Some time in mid-2003, I was at an otherwise forgettable lunch/speech gathering in a big hotel ballroom. Sitting opposite me at the round table of 10 was the rotund and garrulous Mike Rowse, boss of InvestHK, the Big Lychee’s inward investment agency. During the meal, he proudly announced to his little captive audience that he was about to ask the Legislative Council’s finance committee for a billion bucks, which would be used for various projects to help the city recover from the short but sharp economic downturn that accompanied SARS.
A few months later, I – and probably many of the other attendees at the lunch – saw something memorable: the Rolling Stones and Neil Young performing on separate nights at the outdoor Tamar site, surrounded by the skyscrapers of Admiralty. The Harbourfest series of concerts was unique in Hong Kong and people (Westerners, at least) still rave about it today. It was also a stupendous waste of HK$100 million of government money: the economy had bounced back of its own accord by that time. After going over this background, the context of Tung Chee-hwa’s disastrous post-1997 spell at running the city and the logistical feat of the shows, No Minister largely tells the story of what happened next.
Harbourfest was controversial, and a hostile press attacked it for its cost, Anglocentric choice of artistes, ticket prices, and the involvement of senior figures in the American Chamber of Commerce, whose idea it was and who largely organized the event, with the government essentially acting as sponsor. Accusations of mismanagement flew around, and a series of enquiries sought someone to blame. In theory, a policy-making politician should have been accountable, but unlike other economic relaunch projects, Harbourfest did not come under the direct auspices of any top-level bureau. The Finance and Commerce areas Rowse came under didn’t want to know; a more appropriate department, like the Home Affairs Bureau that organizes cultural events, mysteriously did not take the project under its wing.
Rowse ended up carrying the can, and was even subjected to a quasi-judicial disciplinary proceeding in which the roles of prosecutor, judge and jury were combined in individuals who were buddies of the senior officials with an interest in making him the scapegoat. He was punished in 2005 with a severe reprimand and a fine by way of a suspension in pay. For good measure along the way, his persecutors retroactively fiddled with minutes of meetings and indulged in press leaks against him. Interestingly, the media at this stage started to see him more as a victim.
The correct behaviour under Hong Kong’s Confucian-Victorian institutional ethos would be to take your punishment like a man, regardless of the unfairness, and not lose everyone face by making a fuss. A Bronze Bauhinia Star and a few appointments would make things right in the following years. Rowse, however, decided to do a Big Bad Argumentative Troublemaking Non-conformist Westerner act. After officials buck-passed his appeal until it was eventually rejected, he went to court. And he won.
That’s the story Rowse recounts. Reasonably gripping – at 100 pages – for any fans of bureaucratic skullduggery, if no Dreyfus Affair. The Rowse I saw drooling at the thought of having a billion to play with does not appear. (I suppose it is human nature for civil servants to avidly implement projects that suit them but suddenly be unaccountable non-policmakers when it becomes apparent the policy is a dud.)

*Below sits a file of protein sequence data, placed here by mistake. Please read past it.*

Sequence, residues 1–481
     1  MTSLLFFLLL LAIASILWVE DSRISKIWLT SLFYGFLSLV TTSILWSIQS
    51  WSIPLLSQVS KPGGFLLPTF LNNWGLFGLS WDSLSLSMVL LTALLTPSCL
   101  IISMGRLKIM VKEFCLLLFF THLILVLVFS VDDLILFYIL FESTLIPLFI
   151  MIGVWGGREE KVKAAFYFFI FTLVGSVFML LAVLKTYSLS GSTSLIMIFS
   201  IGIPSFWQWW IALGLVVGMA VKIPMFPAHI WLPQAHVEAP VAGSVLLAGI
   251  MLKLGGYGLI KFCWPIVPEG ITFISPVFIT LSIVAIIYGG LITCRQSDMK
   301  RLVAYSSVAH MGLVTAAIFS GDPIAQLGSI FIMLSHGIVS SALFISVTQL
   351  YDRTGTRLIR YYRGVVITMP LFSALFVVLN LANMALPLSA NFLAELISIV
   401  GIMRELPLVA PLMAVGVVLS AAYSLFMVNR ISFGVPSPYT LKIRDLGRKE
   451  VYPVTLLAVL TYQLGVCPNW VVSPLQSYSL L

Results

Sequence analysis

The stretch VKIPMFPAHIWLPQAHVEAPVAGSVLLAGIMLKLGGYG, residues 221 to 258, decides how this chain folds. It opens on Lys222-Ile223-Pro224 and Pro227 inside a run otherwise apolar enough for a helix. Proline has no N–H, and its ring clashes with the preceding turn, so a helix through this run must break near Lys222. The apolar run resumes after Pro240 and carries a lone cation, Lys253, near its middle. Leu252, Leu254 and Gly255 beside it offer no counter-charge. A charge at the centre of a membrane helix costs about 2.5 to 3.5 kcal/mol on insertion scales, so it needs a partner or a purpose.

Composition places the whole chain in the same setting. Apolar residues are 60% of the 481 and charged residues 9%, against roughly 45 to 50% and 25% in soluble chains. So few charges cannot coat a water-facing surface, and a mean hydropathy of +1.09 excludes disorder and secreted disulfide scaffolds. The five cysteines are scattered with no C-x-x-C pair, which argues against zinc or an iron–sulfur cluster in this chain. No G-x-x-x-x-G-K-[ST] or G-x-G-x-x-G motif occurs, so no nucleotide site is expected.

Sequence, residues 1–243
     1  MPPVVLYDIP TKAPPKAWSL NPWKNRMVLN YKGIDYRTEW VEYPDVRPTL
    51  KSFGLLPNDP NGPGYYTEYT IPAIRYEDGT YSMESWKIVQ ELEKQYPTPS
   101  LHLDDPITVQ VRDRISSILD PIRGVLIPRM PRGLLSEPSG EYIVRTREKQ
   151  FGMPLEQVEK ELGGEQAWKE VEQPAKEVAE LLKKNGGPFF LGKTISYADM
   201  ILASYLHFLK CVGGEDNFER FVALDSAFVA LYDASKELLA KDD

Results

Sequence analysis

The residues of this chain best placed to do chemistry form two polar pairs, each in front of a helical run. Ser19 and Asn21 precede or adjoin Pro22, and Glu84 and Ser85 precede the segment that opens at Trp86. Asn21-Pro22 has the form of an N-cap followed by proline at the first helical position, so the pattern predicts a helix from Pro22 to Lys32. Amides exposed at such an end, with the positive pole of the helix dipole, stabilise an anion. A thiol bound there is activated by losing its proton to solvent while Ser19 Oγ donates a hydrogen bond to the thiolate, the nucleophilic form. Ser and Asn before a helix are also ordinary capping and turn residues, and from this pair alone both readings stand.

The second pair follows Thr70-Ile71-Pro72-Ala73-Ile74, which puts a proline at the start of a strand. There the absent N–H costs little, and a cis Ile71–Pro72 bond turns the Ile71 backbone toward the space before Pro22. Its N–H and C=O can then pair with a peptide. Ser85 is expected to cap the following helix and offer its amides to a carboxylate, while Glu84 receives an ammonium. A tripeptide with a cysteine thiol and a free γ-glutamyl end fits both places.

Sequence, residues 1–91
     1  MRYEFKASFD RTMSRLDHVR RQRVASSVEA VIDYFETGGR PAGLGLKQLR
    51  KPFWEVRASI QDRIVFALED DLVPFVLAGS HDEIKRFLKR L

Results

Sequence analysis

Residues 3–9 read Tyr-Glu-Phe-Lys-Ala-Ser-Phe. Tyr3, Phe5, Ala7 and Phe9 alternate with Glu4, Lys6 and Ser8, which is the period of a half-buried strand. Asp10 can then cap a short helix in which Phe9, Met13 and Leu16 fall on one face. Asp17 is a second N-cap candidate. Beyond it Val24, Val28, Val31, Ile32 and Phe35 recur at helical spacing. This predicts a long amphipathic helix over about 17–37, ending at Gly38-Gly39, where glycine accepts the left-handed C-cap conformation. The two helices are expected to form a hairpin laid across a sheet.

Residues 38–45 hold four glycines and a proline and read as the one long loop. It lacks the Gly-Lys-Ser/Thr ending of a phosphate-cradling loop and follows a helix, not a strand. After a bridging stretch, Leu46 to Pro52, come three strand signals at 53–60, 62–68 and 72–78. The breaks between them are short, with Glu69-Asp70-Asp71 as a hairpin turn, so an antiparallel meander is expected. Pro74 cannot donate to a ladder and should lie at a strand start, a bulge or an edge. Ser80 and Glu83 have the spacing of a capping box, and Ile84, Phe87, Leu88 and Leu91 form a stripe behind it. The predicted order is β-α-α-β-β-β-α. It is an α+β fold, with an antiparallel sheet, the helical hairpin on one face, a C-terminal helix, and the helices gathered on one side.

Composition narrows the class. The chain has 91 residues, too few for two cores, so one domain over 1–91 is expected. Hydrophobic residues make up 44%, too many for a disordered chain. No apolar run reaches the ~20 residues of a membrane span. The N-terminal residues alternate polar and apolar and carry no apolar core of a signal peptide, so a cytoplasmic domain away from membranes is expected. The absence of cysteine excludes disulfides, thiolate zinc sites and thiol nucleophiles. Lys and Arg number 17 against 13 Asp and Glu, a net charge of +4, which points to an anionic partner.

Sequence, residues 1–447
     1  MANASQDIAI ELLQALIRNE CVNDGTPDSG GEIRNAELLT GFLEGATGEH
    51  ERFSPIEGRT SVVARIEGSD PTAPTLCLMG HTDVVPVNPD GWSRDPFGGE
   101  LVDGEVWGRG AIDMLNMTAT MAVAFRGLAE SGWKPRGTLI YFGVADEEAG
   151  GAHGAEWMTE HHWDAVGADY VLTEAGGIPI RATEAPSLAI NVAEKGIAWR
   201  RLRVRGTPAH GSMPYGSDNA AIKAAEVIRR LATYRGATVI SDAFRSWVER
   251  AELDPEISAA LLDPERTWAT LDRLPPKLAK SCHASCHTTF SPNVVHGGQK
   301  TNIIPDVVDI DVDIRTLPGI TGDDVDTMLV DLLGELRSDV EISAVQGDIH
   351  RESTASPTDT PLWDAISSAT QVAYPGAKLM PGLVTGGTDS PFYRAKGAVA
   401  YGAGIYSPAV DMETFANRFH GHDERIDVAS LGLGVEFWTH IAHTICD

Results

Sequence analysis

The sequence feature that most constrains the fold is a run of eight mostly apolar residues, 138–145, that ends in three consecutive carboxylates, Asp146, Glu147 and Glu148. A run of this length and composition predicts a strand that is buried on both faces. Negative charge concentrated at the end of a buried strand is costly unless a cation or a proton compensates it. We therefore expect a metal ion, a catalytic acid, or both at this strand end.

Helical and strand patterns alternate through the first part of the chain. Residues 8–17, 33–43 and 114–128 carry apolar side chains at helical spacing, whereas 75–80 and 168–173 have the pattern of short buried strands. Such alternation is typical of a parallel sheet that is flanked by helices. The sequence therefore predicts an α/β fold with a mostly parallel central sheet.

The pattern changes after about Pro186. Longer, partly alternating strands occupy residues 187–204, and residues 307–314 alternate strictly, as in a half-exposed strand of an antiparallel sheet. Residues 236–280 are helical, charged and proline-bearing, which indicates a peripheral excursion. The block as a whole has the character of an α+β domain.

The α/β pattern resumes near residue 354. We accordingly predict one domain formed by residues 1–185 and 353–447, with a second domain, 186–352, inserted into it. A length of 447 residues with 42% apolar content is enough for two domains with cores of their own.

A more interesting story would have gone like this:
Overenthusiastic American business figures, eager to help repair Hong Kong after its traumatic brush with death, ask their British buddy Mike in the government to fund an amazingly cool series of rock concerts, which they will put together. Mike, with a billion taxpayers’ bucks to burn and a great collection of old LPs, loves the idea. The committees of bureaucrats supposedly managing economic recovery, approve it (all the other projects are vacuous or childish things thought up by civil servants).
There is only one way to put such an event together in a quarter of the normal time, and that is to cut through red tape. That means leaving bureaucrats from boring paper-shuffling units looking after Home Affairs, Leisure and Cultural Services and tourism out of the loop. That means showing everyone else that they have no useful function. It means humiliating them. It means making them lose face. It leaves them burning with hatred at the arrogant, bigheaded gweilos.
In certain quarters, a series of phone calls would result in Mike getting the excrement-smeared meat-cleaver treatment. This being a respectable Hong Kong organization, mainstream supporters of harmony and The Way gang up on him by diverting press criticism and accountability in his direction. They work on absolving themselves of blame for the waste of Harbourfest and screwing Mike in one go. (Meanwhile, the racial and cultural factors at the heart of the problem make life especially difficult for Mike’s Chinese staff.)
The haughty and overconfident senior officials determined to stitch Mike up throw everything at him in a kangaroo court and expect him to shut up when their faces are saved and he is given a relatively mild punishment. Instead he fights back, exposing senior politicians as cowards, cheats and bullies and winning the hearts of the people. In a dream sequence at the end, the only senior official involved still in office when the full story comes out is now-Chief Secretary Henry Tang, whose hopes of becoming Chief Executive lie in tatters.
Peer carefully between the lines and use a healthy bit of imagination, and that’s the story you might read. Otherwise, wait for the movie.